It is a great honour for me to present the laudatio to Professor Alfred Kieser. He belongs to the cohort of European scholars
that institutionalized organizational research beyond national academic communities. It has been a long collective journey,
starting in the late 1960s and early '70s. In this evolutionary process EGOS has been an important arena for action, first
in a very informal way. Then, stepwise, this arena has become institutionalized. In this transnational intellectual movement,
Alfred Kieser has, throughout, been a key figure.
Alfred's intellectual roots can be traced back to Max Weber's historically and institutionally sensitive modes of theorizing. A good example of such research is his ASQ paper on the genesis of formal organizations. By using craft guilds as historically and institutionally embedded cases Alfred could demonstrate how and why formal organizations emerged and replaced guilds, due to evolutionary shifts in the wider institutional frame of society. In a complementary study he focused on medieval monasteries.
The topics of these papers give a clue to Alfred's way of doing research. Alfred has explicated his approach to theory building very clearly. This is done, for instance, in his Organization Science paper titled "Why organization theory needs historical analyses and how this should be performed?" [based on an invited talk at the EGOS Colloquium in Paris in 1993]
During his career, Alfred has been engaged in an inductive type of theory building. Generalizations can be detected, for instance, by comparing cases that reveal contrasting conditions, processes, relational settings and outcomes. The essence of discovered patterns is that they are distinctive to a specific time and place.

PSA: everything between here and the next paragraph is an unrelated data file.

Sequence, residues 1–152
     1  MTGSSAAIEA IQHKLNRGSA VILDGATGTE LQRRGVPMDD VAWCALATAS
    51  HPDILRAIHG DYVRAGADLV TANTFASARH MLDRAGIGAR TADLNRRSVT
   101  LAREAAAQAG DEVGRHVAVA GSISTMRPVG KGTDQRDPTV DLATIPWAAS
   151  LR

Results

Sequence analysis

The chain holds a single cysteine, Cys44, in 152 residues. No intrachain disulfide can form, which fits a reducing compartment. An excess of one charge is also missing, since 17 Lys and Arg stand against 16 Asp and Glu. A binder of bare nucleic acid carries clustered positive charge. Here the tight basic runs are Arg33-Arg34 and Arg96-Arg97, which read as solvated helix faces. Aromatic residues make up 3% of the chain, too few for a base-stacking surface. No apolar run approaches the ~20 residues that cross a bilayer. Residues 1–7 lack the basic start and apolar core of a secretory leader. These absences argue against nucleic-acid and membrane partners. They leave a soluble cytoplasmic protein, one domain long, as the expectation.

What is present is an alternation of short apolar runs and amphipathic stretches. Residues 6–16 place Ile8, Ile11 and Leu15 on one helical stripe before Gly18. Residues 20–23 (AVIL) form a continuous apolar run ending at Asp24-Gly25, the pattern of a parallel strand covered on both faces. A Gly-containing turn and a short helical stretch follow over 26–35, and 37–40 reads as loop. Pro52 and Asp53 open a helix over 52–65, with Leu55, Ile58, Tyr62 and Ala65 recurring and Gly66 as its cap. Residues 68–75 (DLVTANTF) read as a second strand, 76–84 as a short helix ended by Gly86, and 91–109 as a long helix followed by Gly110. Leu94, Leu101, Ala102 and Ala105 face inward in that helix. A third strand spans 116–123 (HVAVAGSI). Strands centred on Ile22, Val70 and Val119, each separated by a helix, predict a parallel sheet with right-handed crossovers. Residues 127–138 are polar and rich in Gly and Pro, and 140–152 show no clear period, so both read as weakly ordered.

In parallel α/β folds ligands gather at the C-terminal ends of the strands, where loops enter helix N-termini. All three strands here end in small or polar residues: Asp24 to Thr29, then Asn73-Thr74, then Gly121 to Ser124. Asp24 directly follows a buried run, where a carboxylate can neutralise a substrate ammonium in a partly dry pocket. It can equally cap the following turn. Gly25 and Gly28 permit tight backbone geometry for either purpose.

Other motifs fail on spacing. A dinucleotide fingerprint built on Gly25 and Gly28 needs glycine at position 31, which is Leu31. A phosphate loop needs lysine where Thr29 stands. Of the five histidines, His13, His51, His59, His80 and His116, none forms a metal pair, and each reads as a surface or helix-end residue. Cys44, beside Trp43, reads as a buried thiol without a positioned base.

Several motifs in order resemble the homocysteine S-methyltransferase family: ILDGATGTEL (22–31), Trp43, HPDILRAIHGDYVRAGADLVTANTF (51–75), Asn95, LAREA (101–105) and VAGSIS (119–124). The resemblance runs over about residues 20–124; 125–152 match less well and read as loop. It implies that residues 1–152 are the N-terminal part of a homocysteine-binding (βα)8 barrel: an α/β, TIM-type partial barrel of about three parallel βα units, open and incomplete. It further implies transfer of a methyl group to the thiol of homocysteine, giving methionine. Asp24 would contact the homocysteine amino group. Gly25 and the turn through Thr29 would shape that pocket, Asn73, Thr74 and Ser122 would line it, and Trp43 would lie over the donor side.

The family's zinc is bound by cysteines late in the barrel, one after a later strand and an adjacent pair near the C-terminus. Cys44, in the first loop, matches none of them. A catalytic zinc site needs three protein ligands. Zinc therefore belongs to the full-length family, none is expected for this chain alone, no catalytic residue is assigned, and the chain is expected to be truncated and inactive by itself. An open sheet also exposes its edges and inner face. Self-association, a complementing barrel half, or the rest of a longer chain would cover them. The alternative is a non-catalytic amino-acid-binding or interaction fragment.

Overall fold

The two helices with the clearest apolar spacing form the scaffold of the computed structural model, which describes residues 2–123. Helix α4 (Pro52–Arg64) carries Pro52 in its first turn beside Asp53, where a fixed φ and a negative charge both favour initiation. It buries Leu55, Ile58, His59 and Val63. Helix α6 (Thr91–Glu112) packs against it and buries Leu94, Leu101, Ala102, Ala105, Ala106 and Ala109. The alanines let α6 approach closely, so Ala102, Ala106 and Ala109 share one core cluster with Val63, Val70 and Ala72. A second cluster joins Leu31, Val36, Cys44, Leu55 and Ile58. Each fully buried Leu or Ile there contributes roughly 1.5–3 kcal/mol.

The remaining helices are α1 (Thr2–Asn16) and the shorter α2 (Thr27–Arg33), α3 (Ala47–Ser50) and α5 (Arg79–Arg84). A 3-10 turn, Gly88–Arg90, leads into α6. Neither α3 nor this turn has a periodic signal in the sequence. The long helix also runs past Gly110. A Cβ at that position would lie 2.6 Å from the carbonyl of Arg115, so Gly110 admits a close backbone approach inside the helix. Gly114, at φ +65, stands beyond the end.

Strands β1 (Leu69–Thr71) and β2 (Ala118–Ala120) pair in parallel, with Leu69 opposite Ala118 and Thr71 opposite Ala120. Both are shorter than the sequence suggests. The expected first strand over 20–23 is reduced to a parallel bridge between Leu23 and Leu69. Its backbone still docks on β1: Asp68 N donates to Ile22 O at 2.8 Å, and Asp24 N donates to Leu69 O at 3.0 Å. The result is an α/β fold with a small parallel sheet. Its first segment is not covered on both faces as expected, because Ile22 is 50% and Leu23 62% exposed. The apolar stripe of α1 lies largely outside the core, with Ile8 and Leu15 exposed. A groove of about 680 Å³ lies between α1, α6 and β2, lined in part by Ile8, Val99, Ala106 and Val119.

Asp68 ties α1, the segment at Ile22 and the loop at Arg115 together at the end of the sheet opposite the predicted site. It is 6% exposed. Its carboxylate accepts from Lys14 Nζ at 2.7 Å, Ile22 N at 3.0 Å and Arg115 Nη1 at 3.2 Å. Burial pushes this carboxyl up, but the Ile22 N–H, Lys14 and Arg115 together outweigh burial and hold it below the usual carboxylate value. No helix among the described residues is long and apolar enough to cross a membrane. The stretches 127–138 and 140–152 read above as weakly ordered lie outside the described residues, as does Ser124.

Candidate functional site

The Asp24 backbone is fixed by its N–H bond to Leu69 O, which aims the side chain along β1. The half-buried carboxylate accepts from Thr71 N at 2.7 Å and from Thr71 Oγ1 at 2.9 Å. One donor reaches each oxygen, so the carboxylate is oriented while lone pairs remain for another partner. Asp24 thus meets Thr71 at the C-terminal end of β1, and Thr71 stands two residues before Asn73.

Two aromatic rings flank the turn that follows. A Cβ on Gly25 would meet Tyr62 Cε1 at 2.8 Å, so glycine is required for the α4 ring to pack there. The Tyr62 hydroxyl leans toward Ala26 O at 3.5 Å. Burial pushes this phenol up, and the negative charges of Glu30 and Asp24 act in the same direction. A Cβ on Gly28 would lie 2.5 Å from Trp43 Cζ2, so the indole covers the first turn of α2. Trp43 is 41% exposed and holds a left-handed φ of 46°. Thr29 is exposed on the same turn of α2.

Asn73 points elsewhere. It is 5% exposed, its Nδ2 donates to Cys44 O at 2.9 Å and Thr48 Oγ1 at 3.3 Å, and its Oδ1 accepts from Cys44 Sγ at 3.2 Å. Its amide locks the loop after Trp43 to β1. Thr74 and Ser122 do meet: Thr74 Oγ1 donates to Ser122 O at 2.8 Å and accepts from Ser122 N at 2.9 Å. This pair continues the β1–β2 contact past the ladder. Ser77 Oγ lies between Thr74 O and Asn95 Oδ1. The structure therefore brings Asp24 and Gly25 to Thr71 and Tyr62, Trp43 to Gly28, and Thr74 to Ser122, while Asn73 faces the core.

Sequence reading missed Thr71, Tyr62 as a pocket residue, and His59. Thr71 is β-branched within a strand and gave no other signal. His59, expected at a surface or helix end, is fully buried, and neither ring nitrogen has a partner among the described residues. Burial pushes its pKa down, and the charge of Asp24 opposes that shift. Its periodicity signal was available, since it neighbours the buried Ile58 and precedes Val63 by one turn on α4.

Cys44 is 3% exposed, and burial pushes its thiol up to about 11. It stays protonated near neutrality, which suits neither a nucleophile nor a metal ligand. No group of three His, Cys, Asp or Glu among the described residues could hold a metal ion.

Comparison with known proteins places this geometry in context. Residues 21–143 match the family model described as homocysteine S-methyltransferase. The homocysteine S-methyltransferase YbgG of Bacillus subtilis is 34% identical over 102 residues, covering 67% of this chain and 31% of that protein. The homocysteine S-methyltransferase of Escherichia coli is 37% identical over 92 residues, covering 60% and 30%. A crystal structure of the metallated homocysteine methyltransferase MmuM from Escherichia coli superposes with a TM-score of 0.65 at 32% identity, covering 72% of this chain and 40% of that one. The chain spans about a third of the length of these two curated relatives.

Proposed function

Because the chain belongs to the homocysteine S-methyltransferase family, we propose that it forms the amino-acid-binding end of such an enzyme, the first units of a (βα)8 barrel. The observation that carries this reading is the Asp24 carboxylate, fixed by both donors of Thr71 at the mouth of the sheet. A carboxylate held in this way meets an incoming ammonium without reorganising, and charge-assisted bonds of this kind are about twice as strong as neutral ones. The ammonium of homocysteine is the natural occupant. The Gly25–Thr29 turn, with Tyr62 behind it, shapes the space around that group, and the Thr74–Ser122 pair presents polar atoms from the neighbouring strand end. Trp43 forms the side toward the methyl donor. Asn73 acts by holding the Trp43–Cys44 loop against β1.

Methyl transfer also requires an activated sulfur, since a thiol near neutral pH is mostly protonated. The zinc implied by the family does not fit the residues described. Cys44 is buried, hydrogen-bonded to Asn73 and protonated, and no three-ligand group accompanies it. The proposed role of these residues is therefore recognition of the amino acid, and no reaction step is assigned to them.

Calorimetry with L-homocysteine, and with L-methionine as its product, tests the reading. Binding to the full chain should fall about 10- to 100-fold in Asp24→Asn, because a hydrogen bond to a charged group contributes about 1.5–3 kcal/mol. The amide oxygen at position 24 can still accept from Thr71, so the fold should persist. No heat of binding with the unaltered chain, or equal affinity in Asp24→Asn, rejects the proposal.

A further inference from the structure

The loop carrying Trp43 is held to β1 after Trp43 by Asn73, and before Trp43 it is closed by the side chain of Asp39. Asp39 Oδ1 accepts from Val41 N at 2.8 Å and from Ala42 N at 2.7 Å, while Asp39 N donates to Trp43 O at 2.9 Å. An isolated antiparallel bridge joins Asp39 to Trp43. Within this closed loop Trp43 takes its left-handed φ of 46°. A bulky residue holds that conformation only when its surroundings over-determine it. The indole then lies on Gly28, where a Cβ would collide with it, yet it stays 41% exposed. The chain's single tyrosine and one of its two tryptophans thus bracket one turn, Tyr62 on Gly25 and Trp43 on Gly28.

Already in the 1970s, Alfred participated in a cross-national comparative project with British colleagues, as
part of the so-called Aston program. In the study, British and West German companies were compared. Distinctive national traditions in organizing were revealed and the distinctiveness of the patterns could be accounted for by relating them to the national institutional and cultural differences.
These glimpses of Alfred's thematic interests and epistemic stance do not at all cover the whole spectrum of his contributions.
He has been actively researching such topics as management fashions, management consulting and organizational learning. He
has also taken a stance in the rigour and relevance debate within the management discipline, in a highly sophisticated way.
The intellectual tradition that Alfred has cherished has helped organizational research in Europe to be sensitive to cultural and institutional diversity within which new practices are invented and organizing occurs. This tradition, characterized by a multidisciplinary engagement, is an excellent reason to participate in EGOS Colloquia from all over the world.
Besides his ground-breaking contributions to organizational scholarship Alfred has served the academic community in a variety of roles. When the EGOS journal, Organization Studies, was launched, Alfred became a founding co-editor. In 2000, Alfred took turn as the Chair of EGOS.
Of course, I have touched only a few aspects of Alfred's academic profile. As a person, Alfred is warm and easily approachable, with good humor.
Alfred has left a lasting imprint on organizational research. For EGOS, his impact has been immense. Inviting him as an honorary member is well founded.
Please, give applause to him, for his achievements and service to the community.